This semester, I am taking a class to satisfy the final requirement for one of my majors, Civic and Community Engagement). The class is called “Foundations of Civic and Community Engagement”. The topics widely discussed in class center on democracy and what it means to be a citizen.
A few days ago, we started reading Granny D: Walking across America in my Ninetieth Year, which is a book about Doris Haddock, or Granny D: a 90 year old woman who walks across the United States to advocate for national campaign finance reform. Without going into great detail about campaign finance reform, the class discussed that this topic could be considered a public problem.
What is the definition of a public problem? The class gave these definitions:
- issue which affects most, if not all of the public
- issue of a large scale
- issue constructed by enough people to be considered important
- economic, social, and political problem plaguing the public.
After throwing around some definitions, we came to this question: Does a public problem need to be well known to be a problem? A few people said yes: having recognition from the public is a sure-fire way to acknowledge that a public issue is in fact a problem.
Do you know what I say about that? NO. I do not believe that a public problem needs to be well known to be considered a “public problem”. Take climate change and resource depletion as examples. Whenever I talk about these subjects in my blog and elsewhere,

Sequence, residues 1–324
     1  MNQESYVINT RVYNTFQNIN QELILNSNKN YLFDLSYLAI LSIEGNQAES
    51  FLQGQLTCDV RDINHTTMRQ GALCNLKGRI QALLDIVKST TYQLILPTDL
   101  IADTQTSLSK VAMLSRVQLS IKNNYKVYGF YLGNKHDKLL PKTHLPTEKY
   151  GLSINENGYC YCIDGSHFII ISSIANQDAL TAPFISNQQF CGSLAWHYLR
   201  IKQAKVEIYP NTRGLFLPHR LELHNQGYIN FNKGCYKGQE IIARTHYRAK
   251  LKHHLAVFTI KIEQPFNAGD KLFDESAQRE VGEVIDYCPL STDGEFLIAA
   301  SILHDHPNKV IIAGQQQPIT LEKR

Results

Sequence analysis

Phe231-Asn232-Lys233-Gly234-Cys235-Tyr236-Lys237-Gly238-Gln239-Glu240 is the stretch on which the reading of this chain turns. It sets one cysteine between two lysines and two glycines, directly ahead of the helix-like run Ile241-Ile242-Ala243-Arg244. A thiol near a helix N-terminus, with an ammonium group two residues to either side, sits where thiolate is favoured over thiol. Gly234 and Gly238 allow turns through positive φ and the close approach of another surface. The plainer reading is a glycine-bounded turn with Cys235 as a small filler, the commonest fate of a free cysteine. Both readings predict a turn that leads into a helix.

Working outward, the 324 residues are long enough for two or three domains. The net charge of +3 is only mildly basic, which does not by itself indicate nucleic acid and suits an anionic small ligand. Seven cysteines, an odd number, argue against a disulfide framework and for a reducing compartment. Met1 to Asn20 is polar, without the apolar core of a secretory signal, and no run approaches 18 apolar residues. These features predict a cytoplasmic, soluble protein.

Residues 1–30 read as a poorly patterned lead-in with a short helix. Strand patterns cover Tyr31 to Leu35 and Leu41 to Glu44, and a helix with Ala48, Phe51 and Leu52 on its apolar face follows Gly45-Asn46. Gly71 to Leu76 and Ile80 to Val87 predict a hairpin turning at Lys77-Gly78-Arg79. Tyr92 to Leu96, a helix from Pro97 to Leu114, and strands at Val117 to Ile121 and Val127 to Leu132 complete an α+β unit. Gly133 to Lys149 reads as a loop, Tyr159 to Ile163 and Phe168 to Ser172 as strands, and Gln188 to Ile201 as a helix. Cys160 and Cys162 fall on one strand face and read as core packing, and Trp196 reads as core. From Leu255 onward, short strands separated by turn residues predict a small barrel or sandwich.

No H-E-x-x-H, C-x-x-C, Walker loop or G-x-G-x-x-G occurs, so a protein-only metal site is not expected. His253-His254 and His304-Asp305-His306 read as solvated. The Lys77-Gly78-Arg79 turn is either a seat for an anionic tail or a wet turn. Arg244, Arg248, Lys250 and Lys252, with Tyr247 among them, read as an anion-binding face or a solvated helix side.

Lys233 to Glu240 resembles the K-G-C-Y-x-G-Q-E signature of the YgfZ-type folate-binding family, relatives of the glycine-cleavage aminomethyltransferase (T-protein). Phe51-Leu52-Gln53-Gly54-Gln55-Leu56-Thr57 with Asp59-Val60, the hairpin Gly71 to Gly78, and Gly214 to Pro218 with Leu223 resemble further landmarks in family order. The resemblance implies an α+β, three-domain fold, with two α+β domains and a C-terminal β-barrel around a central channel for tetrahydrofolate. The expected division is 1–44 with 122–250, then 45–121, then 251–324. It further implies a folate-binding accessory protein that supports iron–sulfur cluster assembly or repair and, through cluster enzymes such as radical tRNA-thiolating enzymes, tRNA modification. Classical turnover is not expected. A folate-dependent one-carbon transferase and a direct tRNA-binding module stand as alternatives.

I do not thrust my views on the audience. I do, however, provide examples as to why the climate is changing, how humans are affecting the climate, and how we need to slow down resource depletion before there are terrible consequences to our actions (see this blog post, this blog post, and this blog post for more information about my stance on climate change, if you are interested). I have noticed that an overwhelming majority of the “public” believes that the climate is not changing and there is no reason to change our energy wasting habits. Despite my views on this subject, the research is there to educate those who may not believe that our world is changing.
Because of this viewpoint, I think that not all public problems are well known. We can use climate change and global warming as an example, because despite what people believe, there will be a point in time where the public will begin to see the effects of humans on the environment, and sadly, only then will it be dubbed a true “public problem”
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